Hey Devs, You Are Not Expected To Know Everything


There was a tweet that entered my timeline yesterday that really caught my attention:

If you’re a new programmer I just want you to know, me and all of my colleagues with years of experience Google the most basic things _daily_

Accounting Shower Curtain and Unusual Bedroom (@oliviacpu) December 13, 2017

It seems one of the most basic concepts. Yet it gets completely hidden by the developer community. It doesn’t matter how many years of experience you have in a particular language. There are still things you will have to look up EVERY SINGLE DAY. I really started to think about it. Why are we ashamed to admit that publicly? A couple of reasons came to me pretty quickly: Ego and envy.



Many of us in development grew up as the outsiders. We weren’t in any of the popular groups. We didn’t play sports. The popular people never called us up or asked to hang out. We weren’t invited to the big parties. We weren’t fashionable.

No, we were the nerds, the band geeks, the science club goofballs, the chess club weirdos and so on. When other kids were playing football or basketball at recess, we were crowded on the steps playing Dungeons & Dragons. When the cool kids gathered in the lunch room to gossip and look down on everyone else, we hung out in the band room and… well, we played more Dungeons & Dragons. Whatever.

When we got to adult life and got a few years of development under our belt, we became the “rock stars”. People looked to us in amazement as we carefully crafted wonderous applications that solved their business problems. New developers would come to us asking the most basic questions and walk away astounded that we gave them an answer without a moment’s hesitation. You know, the same questions we forget that we asked a few years previously.

We work hard to achieve the grizzled old veteran status, the coding god who knows everything about everything. And we develop the ego to go with it. It’s my turn! I’m the all-star now, Jeff! Bite me!

Note: I was thought about inserting a Dilbert cartoon here, but they tend to sue people who do that.



As amazing and adored as we are, we know that there are those even better than us. Each community has its rock stars, the top of the top, the best of the best. In the C# world, it’s Jon Skeet.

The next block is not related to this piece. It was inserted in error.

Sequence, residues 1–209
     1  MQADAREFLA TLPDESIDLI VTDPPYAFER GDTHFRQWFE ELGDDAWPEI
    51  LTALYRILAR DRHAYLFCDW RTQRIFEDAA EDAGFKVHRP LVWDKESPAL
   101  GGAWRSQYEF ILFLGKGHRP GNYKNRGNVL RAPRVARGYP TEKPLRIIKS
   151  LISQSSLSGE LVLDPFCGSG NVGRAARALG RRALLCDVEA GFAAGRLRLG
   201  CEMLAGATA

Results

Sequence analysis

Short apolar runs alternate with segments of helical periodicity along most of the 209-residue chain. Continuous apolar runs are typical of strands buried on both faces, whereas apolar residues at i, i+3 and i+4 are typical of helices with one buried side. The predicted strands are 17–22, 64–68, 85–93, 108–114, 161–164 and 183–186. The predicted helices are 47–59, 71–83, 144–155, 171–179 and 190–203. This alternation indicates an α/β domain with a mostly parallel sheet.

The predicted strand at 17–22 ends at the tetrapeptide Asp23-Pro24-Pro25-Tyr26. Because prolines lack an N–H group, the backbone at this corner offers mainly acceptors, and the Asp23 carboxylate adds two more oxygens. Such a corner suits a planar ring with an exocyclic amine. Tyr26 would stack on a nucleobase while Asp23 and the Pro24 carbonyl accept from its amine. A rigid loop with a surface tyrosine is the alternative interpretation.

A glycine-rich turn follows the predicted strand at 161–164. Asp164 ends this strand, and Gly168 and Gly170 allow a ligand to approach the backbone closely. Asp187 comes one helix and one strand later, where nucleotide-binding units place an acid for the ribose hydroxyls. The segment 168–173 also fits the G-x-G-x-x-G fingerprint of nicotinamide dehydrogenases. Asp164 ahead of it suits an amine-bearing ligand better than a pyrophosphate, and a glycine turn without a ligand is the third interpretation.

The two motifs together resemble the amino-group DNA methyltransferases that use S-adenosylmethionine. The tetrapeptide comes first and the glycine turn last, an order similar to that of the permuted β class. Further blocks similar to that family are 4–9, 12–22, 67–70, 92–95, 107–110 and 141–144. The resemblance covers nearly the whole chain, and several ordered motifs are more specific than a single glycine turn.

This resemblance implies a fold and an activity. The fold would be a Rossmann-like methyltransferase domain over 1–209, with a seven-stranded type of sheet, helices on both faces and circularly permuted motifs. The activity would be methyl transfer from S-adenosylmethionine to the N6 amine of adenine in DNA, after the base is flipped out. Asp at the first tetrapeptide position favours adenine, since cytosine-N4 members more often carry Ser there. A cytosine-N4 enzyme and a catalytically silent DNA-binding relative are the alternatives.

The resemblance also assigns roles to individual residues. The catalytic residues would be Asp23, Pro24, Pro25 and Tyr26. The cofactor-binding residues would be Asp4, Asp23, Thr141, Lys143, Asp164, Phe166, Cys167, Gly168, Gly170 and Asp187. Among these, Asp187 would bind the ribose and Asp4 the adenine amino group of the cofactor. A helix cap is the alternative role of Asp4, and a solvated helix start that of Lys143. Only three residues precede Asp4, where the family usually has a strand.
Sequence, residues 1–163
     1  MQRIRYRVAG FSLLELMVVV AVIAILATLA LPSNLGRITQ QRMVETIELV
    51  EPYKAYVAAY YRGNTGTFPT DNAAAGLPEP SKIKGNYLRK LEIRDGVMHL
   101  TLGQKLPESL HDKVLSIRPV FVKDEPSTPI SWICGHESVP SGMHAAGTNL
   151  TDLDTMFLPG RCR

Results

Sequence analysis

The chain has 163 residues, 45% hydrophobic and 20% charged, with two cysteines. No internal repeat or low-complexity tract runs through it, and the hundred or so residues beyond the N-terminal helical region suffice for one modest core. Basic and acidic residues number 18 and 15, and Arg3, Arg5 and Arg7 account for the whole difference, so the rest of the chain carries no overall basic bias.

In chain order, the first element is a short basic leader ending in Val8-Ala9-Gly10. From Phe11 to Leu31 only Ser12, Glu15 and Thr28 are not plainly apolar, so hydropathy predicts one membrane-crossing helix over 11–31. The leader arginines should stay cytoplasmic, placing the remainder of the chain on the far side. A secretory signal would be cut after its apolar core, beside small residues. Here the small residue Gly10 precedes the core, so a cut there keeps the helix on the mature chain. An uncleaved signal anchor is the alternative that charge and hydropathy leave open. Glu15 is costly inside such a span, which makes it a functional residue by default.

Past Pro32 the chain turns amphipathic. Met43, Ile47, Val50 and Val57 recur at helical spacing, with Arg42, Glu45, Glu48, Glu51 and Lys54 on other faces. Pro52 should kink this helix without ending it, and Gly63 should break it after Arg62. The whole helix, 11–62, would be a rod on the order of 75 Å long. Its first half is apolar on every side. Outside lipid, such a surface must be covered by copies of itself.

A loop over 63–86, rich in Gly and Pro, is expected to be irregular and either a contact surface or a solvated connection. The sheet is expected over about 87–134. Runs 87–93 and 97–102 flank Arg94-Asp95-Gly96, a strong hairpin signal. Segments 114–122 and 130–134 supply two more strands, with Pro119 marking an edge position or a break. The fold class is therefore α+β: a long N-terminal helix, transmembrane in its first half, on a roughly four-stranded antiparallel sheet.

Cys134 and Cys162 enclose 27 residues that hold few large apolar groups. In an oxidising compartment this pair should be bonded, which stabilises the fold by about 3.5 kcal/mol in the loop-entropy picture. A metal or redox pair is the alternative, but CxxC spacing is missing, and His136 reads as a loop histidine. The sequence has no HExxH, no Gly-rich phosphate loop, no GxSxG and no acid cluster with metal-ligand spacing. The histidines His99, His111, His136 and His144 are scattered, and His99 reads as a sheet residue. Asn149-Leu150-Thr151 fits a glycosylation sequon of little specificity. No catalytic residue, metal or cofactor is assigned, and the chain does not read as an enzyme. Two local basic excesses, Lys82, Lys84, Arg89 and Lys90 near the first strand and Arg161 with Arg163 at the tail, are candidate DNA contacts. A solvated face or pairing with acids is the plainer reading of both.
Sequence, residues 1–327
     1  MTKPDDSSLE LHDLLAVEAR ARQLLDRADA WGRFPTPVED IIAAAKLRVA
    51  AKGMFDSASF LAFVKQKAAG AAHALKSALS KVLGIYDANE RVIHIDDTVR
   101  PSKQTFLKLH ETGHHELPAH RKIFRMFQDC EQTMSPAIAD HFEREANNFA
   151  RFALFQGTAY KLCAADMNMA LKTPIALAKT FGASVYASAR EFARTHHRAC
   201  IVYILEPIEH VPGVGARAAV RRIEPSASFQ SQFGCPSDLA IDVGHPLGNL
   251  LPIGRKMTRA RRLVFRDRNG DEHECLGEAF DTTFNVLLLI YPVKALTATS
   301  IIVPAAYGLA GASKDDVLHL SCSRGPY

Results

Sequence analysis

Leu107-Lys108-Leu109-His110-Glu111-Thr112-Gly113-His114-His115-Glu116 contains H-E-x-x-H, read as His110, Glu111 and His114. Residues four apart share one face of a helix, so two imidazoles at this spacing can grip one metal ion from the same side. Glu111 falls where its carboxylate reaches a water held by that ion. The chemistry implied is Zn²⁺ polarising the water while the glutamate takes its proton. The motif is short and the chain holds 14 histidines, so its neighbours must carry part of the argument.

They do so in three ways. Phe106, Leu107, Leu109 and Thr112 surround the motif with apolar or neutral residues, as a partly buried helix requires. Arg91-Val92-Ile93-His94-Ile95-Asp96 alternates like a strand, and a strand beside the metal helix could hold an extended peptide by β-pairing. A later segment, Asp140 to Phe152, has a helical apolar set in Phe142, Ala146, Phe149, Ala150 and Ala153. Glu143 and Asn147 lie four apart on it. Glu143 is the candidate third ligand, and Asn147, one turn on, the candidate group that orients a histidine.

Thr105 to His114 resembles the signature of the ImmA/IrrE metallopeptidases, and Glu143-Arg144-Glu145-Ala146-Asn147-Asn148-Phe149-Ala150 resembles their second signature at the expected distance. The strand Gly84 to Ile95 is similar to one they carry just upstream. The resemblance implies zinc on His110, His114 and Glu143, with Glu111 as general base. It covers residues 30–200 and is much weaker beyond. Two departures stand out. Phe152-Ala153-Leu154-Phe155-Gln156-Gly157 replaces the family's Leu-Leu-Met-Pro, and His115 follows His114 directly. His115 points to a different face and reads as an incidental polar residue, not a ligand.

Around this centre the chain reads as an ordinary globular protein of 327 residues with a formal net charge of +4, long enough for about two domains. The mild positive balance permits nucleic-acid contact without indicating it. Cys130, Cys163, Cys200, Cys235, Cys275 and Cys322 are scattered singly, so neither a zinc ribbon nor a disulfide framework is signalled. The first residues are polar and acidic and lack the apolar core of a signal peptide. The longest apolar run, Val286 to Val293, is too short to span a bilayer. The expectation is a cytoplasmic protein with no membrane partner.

He’s the man with the answer to everything. He has over a 1,000,000 reputation on the StackExchange Q&A networks. He’s the only one to solve, mostly, the pain that is time zones in coding. Jon Skeet can walk on water. He healed a three-legged calf with a single touch of his finger. Jon Skeet is love….

Wait, what was I talking about?

Anyway, in every dev community there are those we aspire to emulate. We know full well in our hearts that we are nowhere near as smart as those people. Our minds don’t let us hear that. We build up these people. We want to be like them. Certainly they, in their infinite knowledge, have never needed to GoogleBing something. They have never asked questions on StackOverflow. (Shh, yes, I know Skeet has asked questions on SO. Go away. Shoo!)

The Result

With all that adoration heaped upon us, it’s no wonder our fragile egos and superstar envy don’t allow us to admit that we forget the most basic things every single day. But we do. Even the best of us (except maybe those rare few with an eidetic memory or something) have to look up stuff that we’ve “known” how to do for years. If it wasn’t something we’ve done recently, it tends to slip from our minds.

Here’s a great example from a few days ago. I needed to create a schema in a MS SQL database. I absolutely could not remember how to do it. Never mind the fact that I have worked with MS SQL databases at work and at home for years and years. I even spent three whole years at Citibank doing almost nothing but MS SQL database coding. I hadn’t done it in a year or two and now I couldn’t remember this single, basic command to create a schema.

And this week I had to look up how to add a data set to my Kendo UI grid. It doesn’t matter that the application I’m working on already has more than 20 of these grids throughout it. I hadn’t added one in a few months and I couldn’t remember how.

And all this entirely leaves out things we’ve never learned at all. A ForEach loop is a basic function of the C# language, but it’s not required. It’s really just a different way of do a standard For loop in a little simpler format. A developer could potentially go years without ever writing one or needing to know how it works. One day they inherit some code and now they need to learn something new. Even though it’s a basic function, they never bothered to learn it.

GoogleBing to the rescue!!!!!!

Yes, we all have to look stuff up, even those who are as amazing as I am. You can’t know everything, and we shouldn’t expect anyone else to either. Now get out there and GoogleBing something!

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